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Mexican Steel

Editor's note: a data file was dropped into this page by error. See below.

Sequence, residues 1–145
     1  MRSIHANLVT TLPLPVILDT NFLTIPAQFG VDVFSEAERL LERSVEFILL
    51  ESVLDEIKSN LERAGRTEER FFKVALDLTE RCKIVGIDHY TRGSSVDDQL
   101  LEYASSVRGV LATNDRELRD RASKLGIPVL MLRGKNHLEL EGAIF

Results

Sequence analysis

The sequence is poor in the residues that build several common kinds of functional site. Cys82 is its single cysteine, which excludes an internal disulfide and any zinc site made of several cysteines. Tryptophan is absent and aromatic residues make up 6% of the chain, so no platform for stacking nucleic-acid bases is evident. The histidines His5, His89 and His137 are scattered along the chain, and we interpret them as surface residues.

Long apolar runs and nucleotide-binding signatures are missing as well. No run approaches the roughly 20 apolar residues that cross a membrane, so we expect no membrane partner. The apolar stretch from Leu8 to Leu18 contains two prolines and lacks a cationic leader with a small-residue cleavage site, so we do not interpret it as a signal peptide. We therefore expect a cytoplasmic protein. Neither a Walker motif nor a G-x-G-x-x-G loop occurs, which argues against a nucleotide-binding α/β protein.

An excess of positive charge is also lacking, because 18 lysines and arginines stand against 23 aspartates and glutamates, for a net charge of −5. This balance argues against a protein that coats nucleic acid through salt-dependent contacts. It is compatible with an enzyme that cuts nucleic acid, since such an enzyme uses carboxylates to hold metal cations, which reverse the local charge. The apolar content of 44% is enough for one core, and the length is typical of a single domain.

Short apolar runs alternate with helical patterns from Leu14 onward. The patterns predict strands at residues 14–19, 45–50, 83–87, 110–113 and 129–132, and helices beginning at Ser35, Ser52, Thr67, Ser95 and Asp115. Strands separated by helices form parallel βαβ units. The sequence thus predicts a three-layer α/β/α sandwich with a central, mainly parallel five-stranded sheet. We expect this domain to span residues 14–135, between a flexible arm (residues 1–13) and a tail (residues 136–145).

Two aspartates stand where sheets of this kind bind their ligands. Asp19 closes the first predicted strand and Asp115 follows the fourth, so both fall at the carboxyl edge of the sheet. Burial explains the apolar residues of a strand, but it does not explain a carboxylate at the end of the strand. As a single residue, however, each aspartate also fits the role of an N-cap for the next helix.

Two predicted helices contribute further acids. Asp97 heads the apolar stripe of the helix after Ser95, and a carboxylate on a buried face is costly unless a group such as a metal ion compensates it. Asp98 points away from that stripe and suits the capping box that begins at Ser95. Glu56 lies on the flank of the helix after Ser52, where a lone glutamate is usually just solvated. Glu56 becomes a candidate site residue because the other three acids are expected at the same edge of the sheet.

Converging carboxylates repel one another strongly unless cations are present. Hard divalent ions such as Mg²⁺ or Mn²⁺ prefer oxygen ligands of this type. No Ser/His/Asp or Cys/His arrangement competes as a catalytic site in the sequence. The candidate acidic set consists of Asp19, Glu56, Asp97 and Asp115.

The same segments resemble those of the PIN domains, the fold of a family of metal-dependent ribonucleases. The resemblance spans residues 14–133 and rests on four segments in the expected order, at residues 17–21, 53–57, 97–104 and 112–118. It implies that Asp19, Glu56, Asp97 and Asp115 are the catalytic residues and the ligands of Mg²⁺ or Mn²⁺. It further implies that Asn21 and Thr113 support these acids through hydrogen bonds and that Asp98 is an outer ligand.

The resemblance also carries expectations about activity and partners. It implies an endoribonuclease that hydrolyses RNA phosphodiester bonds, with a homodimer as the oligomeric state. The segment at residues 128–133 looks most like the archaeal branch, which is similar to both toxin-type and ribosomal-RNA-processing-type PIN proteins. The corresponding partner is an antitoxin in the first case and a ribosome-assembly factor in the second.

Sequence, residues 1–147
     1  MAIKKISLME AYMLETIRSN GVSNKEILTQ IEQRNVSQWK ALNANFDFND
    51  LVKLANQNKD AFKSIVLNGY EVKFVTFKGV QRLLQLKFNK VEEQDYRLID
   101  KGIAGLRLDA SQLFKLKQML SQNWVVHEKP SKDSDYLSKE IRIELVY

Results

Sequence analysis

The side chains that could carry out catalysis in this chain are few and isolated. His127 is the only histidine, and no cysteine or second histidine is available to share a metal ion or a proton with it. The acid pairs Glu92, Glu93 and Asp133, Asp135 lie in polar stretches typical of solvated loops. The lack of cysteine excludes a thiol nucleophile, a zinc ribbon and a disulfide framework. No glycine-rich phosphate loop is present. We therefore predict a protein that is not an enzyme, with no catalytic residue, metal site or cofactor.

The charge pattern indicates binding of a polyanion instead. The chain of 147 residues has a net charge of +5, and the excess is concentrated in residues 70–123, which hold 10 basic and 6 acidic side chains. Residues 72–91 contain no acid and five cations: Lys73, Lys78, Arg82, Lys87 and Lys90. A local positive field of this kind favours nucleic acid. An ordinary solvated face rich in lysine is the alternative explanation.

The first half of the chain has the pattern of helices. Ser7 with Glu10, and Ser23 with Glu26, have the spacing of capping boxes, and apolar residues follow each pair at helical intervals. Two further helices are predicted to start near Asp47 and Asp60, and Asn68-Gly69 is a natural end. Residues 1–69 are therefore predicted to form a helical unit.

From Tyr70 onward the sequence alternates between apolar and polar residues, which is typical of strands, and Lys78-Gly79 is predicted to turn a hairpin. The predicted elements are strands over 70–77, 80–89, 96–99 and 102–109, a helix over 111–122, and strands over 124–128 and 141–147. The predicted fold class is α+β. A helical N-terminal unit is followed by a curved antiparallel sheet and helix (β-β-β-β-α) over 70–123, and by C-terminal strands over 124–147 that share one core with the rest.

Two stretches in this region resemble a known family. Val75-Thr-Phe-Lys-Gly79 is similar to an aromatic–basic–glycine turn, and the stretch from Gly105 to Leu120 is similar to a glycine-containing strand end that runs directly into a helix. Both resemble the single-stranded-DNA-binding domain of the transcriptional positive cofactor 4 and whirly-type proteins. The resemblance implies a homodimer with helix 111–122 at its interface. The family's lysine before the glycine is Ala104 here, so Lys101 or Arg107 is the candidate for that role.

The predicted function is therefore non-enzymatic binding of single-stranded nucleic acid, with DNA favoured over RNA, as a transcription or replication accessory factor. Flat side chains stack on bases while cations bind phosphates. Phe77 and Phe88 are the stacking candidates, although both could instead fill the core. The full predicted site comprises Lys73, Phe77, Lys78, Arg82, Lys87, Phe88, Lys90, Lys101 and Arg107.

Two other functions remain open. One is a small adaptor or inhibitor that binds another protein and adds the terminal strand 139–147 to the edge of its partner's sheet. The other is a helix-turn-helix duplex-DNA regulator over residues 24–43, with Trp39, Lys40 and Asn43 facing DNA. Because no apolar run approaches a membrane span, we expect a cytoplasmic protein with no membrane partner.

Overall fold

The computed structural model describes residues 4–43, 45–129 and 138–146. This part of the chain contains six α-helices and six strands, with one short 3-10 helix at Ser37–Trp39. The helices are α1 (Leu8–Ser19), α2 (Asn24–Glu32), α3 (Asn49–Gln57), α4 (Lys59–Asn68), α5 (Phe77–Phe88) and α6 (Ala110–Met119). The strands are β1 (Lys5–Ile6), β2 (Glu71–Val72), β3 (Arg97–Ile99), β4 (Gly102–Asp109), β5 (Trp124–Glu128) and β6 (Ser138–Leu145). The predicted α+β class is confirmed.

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Mexican Steel: Enjoying the Ride A bustling automotive market is driving interest in Mexican manufacturing. Metal distributors in the region are bracing for more growth. By Dan Markham, Senior Editor As the metals industry in the United States and Canada plodded through a disappointing first quarter, the story was much different in North America’s other major steel market. NAFTA partner Mexico is outpacing most other economies thanks to a seemingly never-ending run of automotive investments. “Generally speaking, the economy has been stronger in Mexico than it has been here. I think they’re in a really good spot,” says Mike Carroll, president of Louisville-based Steel Technologies, which has a large presence in the country with eight locations. A confluence of factors is attracting the world’s automotive manufacturers, and the companies that supply them, to Mexico. The result is a bubbling market for steel processing and distribution in the country. Over the next two years, at least four major automotive companies will invest in new facilities in the area around Monterrey. Not coincidentally, steel capacity is being added to the region through a joint venture between Mexican steelmaker Ternium and Japan’s Nippon Steel, while South Korea’s POSCO has plans to add auto sheet coil centers at its facility in Celaya City. Such activity is turning Mexico into one of the world’s largest auto producing nations. According to IHS Global Insight, Mexico produced 2.85 million vehicles in 2012, a number that may reach 3 million units this year and 4 million by 2017-18. These numbers delight North American service centers with a presence in Mexico, a roster that includes Steel Technologies, Worthington Steel and Steel Warehouse. And it’s attracting similar entities from around the globe. “Automotive has been very active, with some of the major automakers building new capacity. Just in the last couple of years there’s been $8 billion or $9 billion in new investments for automotive assembly plants, much of that going in the area around our Celaya plant,” says Carroll. Steel Technologies was one of the first U.S. companies to tap into the Mexican market back in the early 1990s. Now, its holdings there include a recent 125,000-square-foot facility in Celaya and a new 300,000-square-foot plant in Pesqueria, the largest greenfield project in the company’s history. Worthington Industries also has invested heavily in Mexico through its Serviacero joint venture with Mexico’s Serviacero Planos. The JV operates three facilities, with more than 50 percent of its business tied to automotive. It recently installed a pickle line at its Monterrey facility, the first independent, non-mill pickle line in the country. “Automotive in North America is going to be extremely strong through 2017. We’re already at pre-recession levels,” says Geoff Gilmore, president of Columbus, Ohio-based Worthington Steel, “And the growth is specifically in the U.S. and Mexico.” Mexico has become attractive to automakers around the globe for several reasons, says Guido Vildozo, an analyst with IHS Global Insight who specializes in the Mexican automotive market. It starts with currency. Automakers from Europe and Japan are trying to hedge against their strong currencies by establishing plants in places with more favorable exchange rates, a fact in Mexico’s favor. Another factor is Mexico’s ready access to the entire world. The country has the most free trade agreements of any nation, with more than 40 pacts of varying types. It has access to the United States through its NAFTA agreement, while also offering duty-free delivery to South America. “This is critical because South America has grown by leaps and bounds over the last few years. There’s an interest in being able to capture the growth taking place in Brazil and Mexico,” Vildozo says. Labor rates also provide an explanation, particularly on a comparative basis. Mexico’s labor rates obviously are well below those in the United States. For a time they were above the rates in China, but that too is changing, which alters the calculus for locating a facility. At the Platts Steel Market North America Conference, analyst John Anton of IHS Global Insight said China’s hourly labor rates are expected to explode from about $2.50 to $9.80 in the next 10 years. “If you’re going to China for cheap labor, don’t go, because it’s not going to hold on,” he said. The automotive supply chain has already received that message. “There was a time when everyone was planning to go to Mexico, but they switched gears and went to China. But China’s rates are becoming very comparable to Mexico’s, and Mexico has a huge logistics advantage,” Gilmore says. Despite the low-cost of its labor, Mexico also has developed a reputation for quality. “Since the signing of NAFTA, they’ve become very experienced at producing products for markets that are very demanding, where quality needs to be of the utmost. Mexico is starting to see the dividends from the learning curve it went through over the last several years,” Vildozo says. In the case of Japan, Mexico has appeal for another highly specific reason. After the earthquake and tsunami of 2011 rocked Japan’s supply chain, the country’s automakers were looking for another locale that would insulate them against further natural disasters at home. Combined, these factors make Mexico the go-to destination for automakers—and not just U.S. companies. In January, Volkswagen opened a new engine plant in Silao, while also announcing plans to manufacture the next-generation Golf in Puebla for the North and South American markets. Nissan’s expanded production facility in Aguascalientes, which will produce an additional 175,000 compact vehicles, is expected to start up by year’s end. Honda will open a new production facility in 2014 in Celaya to produce its subcompact Fit for customers in the Western Hemisphere. And Audi plans to locate a facility in Mexico by 2016 to produce an SUV, though the exact site has not been chosen. Naturally, these massive investments will call for changes in the supply base. “Tier 1s are fairly well established in Mexico, given it has been a significant manufacturing base for the U.S. But Tier 2s and 3s need to see some development,” says Vildozo. Companies such as Honda and Mazda have brought along some of their suppliers, “which is slightly different from what we’ve seen before, where existing suppliers picked up the business.” On the metal supply side, Mexico historically has been heavily dependent on U.S. mills to provide product. But with its growing domestic base from primary producers Ternium and AHMSA, and the increasing participation of global mills, that is no longer the case. “The U.S.-based mills have been losing some market share,” says Arturo Marroquin, operations manager at Acero Prime, a Mexico-based toll processor. “We’ve seen it change over the past five to six years, and it will change more in the next five to six years.” Gilmore at Worthington Steel says his company’s Mexican facilities are open to sourcing material from several different locations, including its traditional U.S. mills, Mexican suppliers and even traders. “The supply chain has been good. We have nice relationships and plenty of options.” One link in the chain that may not need additional capacity is the steel distributors and processors, Marroquin says. “We’re attracting investment of steel service centers, including U.S. companies, Japanese companies and Korean companies. We have heard of 10-plus new service centers just in the Central Region. The processing market is going to be very saturated.” Worthington has similar concerns. Gilmore says his company’s growth in the Mexican market in the coming years is not likely to come through new facilities, but new processing options such as its pickle line. “We’re open to expansion, but our focus will be on additional capabilities at some existing facilities. We may see an opportunity to add more value, but I don’t think greenfields are our No. 1 priority,” he says. Opportunities in this rapidly growing automotive market are not without challenges. Primary among them is the availability of quality labor. “You’re talking about almost a million units of additional capacity. That requires skilled labor. There will be a challenge of trying to find people and keep people,” Vildozo says. Despite its growth prospects and free trade agreements, Mexico remains very beholden to the whims of the U.S. market. More than 85 percent of the autos produced in the country are sold to the north, thus any disruption to the U.S. economy will be felt immediately by the Mexican industry. Moving material across the border, in either direction, is an issue, but one that companies learn to manage. Southwest Steel Coil is a distributor based in Santa Teresa, N.M., 6.5 miles from the Mexican border. About 90 percent of its sales go into Mexico. “There are waits going in and waits coming out, but you allow for that fact,” says Ed Camden, president of Southwest Steel Coil. “If you make calls in Chicago, you build in the traffic. Down here, we build in the border line.” Marroquin is concerned that Mexico’s existing infrastructure will be insufficient to handle the growth. “We think more infrastructure is needed in the railway system. And we have seen trucking, not super saturated, but busier than before. There will be challenges to continue to grow transportation, but opportunities as well.” Vildozo is fairly confident Mexico’s infrastructure won’t impede its growth. “There’s always uncertainty looking into the future as to whether we will see bottlenecks, but at least for now, the way the government is planning, there shouldn’t be any issues.” As in the U.S., Mexico had a presidential election in 2012. Enrique Pena Nieto took office in December and is pledging much-needed reforms that would allow Mexico’s economy to grow even further. Nieto also has vowed to fight the widespread drug-related violence that has resulted in the brutal deaths of more than 55,000 people in the past six years—and has scared off untold foreign visitors and businesspeople. The metals industry is aware of the safety concerns and does its best to protect its employees and others. “Steel Technologies, like any company, takes precautions on doing business in Mexico,” says Carroll. “Our feeling is they’ll continue to make headway on the issue, and that it has probably bottomed out. Obviously, everyone is hoping hard for the best.” While the automotive sector, concentrated in the North Central region of the country, is the leading light for Mexico right now, it is not the only end market of note. Steel sheet distributors believe similar growth is possible in the appliance market, once North American demand finally picks up. The recent uptick in housing starts in the U.S. may provide that necessary spark. “I think appliance could be very strong there. As you start to see residential construction come back—and the signs look good right now—that’s a market that could really heat up,” says Gilmore. Additionally, as a developing nation, Mexico stands to benefit from tremendous internal demand growth. The spread of industry will help develop Mexico’s middle class, which will give workers the wherewithal to purchase many of the products they produce. Mexico’s overall growth is evident in other ways. Fabtech Mexico, sponsored by the Fabricators and Manufacturers Association, International, is now in its fifth year, rotating annually between Monterrey and Mexico City. This month’s Monterrey event was expected to include 91,000 square feet of exhibit space for the latest metal forming, fabricating, welding and finishing equipment. The trade show is 2½ times larger than in 2009, says Bob Hoper, vice president of media and exhibitions for Rockford, Ill.-based FMA. “Fabtech is a mirror of the state of the industry. If people aren’t making parts, they’re not buying equipment. And if they’re not buying equipment, they’re definitely not buying trade show space.” Obviously, that’s not the case in Mexico. “We have identified Mexico as a manufacturing area that’s only going to grow in importance. Fabtech Mexico is by far the fastest growing event we have,” Hoper adds. That reflects the general feeling among metal distributors who see Mexico as an important growth market. “We want to expand our platform and be positioned for what we see as a very strong environment in the years ahead,” Carroll says.